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Hidden partition / true hidden partition

If more than one primary C: partitions are present on a hard disk (e.g. DOS 6.22 and Windows 95) the assignment of drive letters to these partitions might lead to problems. These problems can be avoided if all but one of these primary C: partitions are hidden. It is then possible to boot only from the remaining non-hidden partition. The other C: partitions are not visible, i.e. they are considered as unknown partitions. The drive letter C: is thus always automatically assigned to the booted operating system.

In order to hide partitions the value 10h is added to the partition ID. And in order to make a partition visible only this value 10h needs to be subtracted from the partition ID. The OS/2 boot manager uses the same scheme for hiding partitions.

Both in the configuration program Boot-US and in the boot manager Boot-US only partitions which use drive letters can be hidden. Hiding partitions therefore applies only to the following partition IDs: 01h, 04h, 06h, 07h, 0Bh, 0Ch and 0Eh, (see list of recognized partition IDs). All other partitions (e.g. Linux with partition ID 83h) cannot be hid.

True hidden partition:
The simple method of hiding a partition described above does not work with Windows 2000/XP/2003/Vista/2008/7/8/10. This means, even if the partition ID is switched to hidden, the partition is accessible under Windows 2000/XP/2003/Vista/2008/7/8/10. In order to true hide the partition the boot sector is additionally changed. Hence true hiding a partition means to change both the partition ID and the boot sector. Then the partition is not anymore recognized by Windows 2000/XP/2003/Vista/2008/7/8/10.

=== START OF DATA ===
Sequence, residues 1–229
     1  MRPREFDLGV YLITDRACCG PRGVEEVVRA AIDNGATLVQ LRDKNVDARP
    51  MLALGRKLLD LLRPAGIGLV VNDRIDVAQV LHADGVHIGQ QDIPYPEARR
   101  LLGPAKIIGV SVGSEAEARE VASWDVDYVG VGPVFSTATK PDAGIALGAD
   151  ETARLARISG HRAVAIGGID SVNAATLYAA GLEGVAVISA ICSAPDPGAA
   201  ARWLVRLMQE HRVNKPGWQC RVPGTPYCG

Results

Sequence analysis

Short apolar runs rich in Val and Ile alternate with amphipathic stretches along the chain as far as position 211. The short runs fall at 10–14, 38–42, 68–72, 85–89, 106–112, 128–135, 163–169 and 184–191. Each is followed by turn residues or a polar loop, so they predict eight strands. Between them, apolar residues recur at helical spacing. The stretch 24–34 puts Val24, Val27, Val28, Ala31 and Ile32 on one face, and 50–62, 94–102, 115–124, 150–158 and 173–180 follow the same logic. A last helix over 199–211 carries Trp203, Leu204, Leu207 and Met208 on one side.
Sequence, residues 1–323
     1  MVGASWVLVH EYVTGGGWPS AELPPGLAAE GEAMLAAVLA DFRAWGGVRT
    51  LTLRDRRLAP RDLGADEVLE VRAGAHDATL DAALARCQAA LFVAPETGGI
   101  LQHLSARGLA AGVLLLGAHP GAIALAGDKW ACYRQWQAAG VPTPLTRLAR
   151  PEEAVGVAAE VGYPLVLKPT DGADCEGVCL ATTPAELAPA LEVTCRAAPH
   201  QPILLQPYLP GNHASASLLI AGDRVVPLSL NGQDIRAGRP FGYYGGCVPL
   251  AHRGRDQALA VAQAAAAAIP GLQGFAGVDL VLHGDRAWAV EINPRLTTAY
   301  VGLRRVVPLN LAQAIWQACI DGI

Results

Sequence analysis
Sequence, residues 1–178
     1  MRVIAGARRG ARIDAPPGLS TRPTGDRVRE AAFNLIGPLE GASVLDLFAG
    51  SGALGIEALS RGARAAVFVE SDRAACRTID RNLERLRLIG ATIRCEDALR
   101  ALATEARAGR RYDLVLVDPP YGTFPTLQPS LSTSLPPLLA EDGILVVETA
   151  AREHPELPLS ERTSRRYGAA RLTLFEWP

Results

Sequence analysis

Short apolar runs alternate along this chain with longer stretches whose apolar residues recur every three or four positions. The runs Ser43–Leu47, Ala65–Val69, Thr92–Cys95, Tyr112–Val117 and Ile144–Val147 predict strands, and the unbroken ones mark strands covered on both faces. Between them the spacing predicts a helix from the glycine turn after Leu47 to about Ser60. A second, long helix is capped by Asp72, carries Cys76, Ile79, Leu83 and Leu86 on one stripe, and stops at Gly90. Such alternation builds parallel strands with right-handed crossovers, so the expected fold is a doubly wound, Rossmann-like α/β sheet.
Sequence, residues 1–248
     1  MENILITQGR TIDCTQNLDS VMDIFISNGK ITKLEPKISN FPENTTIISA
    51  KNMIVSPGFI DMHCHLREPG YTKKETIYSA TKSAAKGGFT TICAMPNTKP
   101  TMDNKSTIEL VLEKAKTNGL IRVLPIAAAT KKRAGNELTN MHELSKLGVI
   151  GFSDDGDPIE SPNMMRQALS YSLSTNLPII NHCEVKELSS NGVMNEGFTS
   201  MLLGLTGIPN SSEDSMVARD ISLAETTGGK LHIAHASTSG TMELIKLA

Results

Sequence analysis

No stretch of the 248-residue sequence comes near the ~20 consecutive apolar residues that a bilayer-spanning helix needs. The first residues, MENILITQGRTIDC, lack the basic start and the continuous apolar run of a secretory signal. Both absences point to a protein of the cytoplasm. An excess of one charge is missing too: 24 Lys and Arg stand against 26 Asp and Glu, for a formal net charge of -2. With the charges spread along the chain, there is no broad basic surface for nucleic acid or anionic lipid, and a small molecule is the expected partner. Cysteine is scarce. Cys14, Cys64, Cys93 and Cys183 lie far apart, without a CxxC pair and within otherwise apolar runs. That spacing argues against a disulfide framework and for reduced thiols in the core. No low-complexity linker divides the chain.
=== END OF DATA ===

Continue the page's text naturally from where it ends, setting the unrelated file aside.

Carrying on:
It is possible that Windows 2000/XP/2003/Vista/2008/7/8/10 considers a true hidden partition as unformatted. This can be changed by removing the drive letter from a true hidden partition. This prevents that you accidentally format such an "unformatted" partition thereby deleting all existing data on that partition. Drive letters are assigned or removed within the Windows disk administrator (Computer Management / Storage / Disk Management).